So begins one of the songs of Lalon Shah, also known as Lalon Fakir among the Hindus of Bengal − Shah being a Muslim Sufi title. His date of birth is not recorded, but he died in 1890 as an old man having composed thousands of short songs (often four or eight lines) passed down orally from disciple to disciple.  Only a small number of his songs have survived as such, as many Baul singers add to or modify songs by intuition or in response to current events.  More of Lalon’s songs are known through the efforts of Rabindranath Tagore (1861-1941), Bengal’s great poet and social reformer.  Lalon Shah lived in a village on land which belonged to the Tagore family. Rabindranath Tagore as a young man spent time visiting villages on his family’s estates to understand better village life. Later in 1922, Tagore created a center for rural development and reform Sriniketan alongside an innovative school Santiniketan started in 1901 where Tagore hoped  that “the young and the old, the teacher and the student, sit at the same table to take their daily food and the food of their eternal life.”  Bauls were always welcomed to sing in the courtyard of Santiniketan, and the students spread knowledge of Baul rural culture to more elite and urban Bengali society.

Who are the Bauls?  The Bauls are a class − some would say a sect − of minstrels, wandering singers of mystic songs, though today with the socio-economic changes in Bengal (both West Bengal, India and parts of Bangladesh) many Bauls have settled rural homes and a minority have followed the rural to urban flow of populations.  The Bauls today number around half a  million persons living usually on the edges of larger settlements. Those who continue to follow a Baul way of live  together under the guidance of a spiritual preceptor and are initiated into their function of singer-teacher-mystic through rituals of initiation.

However, the Bauls, other than this original initiation, do not have set rituals, temples or priests.  Those who are active minstrels (many drop out in order to follow more conventional ways of living) have no personal possessions other than a single garment, often saffron in color, a reminder of a period, prior to the 13th century arrival of Islam. The Bauls represent an earlier pre-Islamic Bengali current of thought which later influenced Buddhism in Tibet and has many similarities with the Yin/Yang balance of forces found in Chinese Taoism.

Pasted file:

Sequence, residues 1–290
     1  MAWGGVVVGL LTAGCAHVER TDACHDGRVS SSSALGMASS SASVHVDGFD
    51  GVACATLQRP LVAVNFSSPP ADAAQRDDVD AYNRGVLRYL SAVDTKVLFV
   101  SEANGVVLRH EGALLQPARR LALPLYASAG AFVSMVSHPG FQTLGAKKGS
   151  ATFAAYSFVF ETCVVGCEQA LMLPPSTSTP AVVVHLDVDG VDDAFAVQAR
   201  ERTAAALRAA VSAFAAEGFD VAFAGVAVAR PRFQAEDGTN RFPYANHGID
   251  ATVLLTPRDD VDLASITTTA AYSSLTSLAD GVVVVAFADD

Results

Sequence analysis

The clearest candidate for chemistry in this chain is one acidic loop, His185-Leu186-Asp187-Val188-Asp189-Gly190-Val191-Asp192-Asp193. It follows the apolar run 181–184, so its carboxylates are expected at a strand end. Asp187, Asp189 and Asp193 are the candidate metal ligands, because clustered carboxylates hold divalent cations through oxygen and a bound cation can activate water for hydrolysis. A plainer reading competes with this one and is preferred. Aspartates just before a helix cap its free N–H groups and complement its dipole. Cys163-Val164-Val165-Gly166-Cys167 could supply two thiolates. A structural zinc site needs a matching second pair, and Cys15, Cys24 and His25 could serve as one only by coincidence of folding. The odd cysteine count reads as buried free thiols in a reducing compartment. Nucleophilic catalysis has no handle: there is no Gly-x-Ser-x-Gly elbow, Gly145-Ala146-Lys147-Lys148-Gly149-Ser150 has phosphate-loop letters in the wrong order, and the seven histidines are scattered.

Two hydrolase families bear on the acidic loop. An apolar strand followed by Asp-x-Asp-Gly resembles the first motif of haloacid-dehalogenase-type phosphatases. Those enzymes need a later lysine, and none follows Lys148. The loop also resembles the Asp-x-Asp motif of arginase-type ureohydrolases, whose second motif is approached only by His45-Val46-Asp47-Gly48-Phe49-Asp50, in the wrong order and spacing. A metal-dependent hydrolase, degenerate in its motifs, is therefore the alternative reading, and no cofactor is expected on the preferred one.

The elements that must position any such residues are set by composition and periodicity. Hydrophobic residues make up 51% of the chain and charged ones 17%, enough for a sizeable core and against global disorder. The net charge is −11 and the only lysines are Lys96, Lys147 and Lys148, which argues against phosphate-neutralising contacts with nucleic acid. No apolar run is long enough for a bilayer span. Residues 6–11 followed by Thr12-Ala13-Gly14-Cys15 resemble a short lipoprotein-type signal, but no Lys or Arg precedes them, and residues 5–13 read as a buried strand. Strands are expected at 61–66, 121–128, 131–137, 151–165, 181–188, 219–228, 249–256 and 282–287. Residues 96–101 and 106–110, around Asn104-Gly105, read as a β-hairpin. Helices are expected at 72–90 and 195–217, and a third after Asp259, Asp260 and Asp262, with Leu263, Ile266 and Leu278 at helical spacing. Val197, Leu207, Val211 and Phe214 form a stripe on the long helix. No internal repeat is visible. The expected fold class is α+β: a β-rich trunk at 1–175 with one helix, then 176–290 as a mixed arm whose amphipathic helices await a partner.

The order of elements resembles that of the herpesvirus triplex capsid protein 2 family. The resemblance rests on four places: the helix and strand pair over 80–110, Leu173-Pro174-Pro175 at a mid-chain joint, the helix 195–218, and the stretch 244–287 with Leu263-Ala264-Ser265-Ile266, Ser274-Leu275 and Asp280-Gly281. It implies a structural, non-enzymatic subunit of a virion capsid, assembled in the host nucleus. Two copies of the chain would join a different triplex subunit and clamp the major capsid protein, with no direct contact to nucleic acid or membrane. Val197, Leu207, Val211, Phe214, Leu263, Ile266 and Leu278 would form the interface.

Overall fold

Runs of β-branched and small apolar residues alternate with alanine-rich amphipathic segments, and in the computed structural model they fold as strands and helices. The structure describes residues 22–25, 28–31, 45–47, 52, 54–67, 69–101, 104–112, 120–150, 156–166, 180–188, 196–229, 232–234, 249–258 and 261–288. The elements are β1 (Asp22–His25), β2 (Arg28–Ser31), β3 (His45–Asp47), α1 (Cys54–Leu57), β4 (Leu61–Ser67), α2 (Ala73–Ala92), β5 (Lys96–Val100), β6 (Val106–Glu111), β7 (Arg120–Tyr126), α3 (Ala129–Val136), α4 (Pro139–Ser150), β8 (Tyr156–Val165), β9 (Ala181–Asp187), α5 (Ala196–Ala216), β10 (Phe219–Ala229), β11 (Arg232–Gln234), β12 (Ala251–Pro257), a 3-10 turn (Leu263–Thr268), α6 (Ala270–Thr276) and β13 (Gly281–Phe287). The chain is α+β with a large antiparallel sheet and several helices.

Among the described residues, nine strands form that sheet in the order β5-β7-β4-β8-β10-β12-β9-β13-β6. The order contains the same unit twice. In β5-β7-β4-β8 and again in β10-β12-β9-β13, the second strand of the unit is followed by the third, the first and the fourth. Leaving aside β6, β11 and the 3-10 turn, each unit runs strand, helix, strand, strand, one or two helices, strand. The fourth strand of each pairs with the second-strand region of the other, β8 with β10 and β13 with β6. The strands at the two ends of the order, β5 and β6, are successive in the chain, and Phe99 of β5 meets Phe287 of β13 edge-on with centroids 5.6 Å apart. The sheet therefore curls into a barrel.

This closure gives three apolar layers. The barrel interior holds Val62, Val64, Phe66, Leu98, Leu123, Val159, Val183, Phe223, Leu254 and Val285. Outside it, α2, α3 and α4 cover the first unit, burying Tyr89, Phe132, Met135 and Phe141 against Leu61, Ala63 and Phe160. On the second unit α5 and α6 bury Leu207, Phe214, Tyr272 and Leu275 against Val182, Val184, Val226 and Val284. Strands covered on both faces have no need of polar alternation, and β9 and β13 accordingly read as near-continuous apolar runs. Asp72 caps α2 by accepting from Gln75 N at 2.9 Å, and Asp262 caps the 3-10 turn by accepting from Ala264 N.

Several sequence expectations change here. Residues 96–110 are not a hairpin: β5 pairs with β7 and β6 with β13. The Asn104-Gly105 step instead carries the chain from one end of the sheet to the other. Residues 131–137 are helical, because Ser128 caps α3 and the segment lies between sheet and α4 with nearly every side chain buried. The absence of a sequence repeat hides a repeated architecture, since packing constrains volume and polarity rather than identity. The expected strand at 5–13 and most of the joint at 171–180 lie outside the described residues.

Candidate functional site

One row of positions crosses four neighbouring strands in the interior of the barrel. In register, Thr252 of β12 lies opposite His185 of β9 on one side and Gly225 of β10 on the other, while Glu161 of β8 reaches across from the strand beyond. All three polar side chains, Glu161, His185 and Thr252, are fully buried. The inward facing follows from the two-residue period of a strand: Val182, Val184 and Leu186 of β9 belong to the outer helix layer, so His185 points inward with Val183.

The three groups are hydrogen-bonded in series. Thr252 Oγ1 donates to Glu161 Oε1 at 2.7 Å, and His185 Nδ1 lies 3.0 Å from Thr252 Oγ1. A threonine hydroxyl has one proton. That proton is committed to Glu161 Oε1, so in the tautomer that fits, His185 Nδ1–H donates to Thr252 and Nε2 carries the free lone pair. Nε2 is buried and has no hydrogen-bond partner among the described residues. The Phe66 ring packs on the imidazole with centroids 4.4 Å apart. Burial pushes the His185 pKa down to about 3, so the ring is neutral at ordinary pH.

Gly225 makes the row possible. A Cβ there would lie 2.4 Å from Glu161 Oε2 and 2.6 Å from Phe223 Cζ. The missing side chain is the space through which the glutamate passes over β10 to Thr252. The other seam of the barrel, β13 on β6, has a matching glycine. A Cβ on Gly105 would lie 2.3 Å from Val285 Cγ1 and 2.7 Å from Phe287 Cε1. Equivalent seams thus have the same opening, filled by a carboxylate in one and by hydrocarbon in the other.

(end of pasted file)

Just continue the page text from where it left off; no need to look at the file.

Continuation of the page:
Lalon Shah, by his talent and by the interest in his songs taken by Tagore, is the outstanding representative of Baul teaching. In his songs, he tears down the barriers of caste and creed, the walls that separate humans. As he sang:

            If you circumcise him, he becomes a Muslim,

            Then what is the rule for women?

            I recognize the Brahman by his sacred thread,

            Then how do I recognize a Brahmani?

For Lalon, as with the Baul tradition, the Kingdom of God is within. There are no temples but that of the body of each person.  Life is a continuous interior search in which intuition awakens the Spirit.  Within the body, especially the heart, the Laws of Nature are known. The Baul exercises are partly based on the concept of the Kundalini − a fire within the body which can be activated by the control of breath and dance-like motions.  These exercises awaken the Spirit and become ‘Living Wisdom’ within each person.  Wisdom aims at the good life.  It involves intuition, feelings and conscience.

For the Bauls, what we may call the Divine (for lack of a better concept) is reflected in the beauty of Nature and all created things.  The moon holds a special place. As the Lelon song states:

            By great good luck one may see that moon.

            It has no dark spots.

            In it lies the golden abode of the Unknowable.

            In the world of the moon there is no play of day or night.

Today, the Bauls are looked down upon by the more legalistic Muslims of Bangladesh or thought of only as “folk singers”.  However, their search for the inner person, for the indwelling light has a message for each of us.

*

Notes

For anthropology studies based on field work see:

Jeanne Openshaw, Seeking Bauls of Bengal (Cambridge University Press, 2002)

June McDaniel, The Madness of the Saints: Ecstatic Religion in Bengal (University of Chicago Press, 1989)

Edward  Dimroch, The Place of the Hidden Moon  (University of Chicago Press, 1966)

For translations into English of Baul songs and their philosophical context see:

Deben Phattacarya, Songs of the Bards of Bengal (Grove Press, 1989)

Charles Capwell, The Music of the Bauls of Bengal (Kent State University Press, 1986)

*

Prof. René Wadlow is President of the Association of World Citizens.

%d bloggers like this: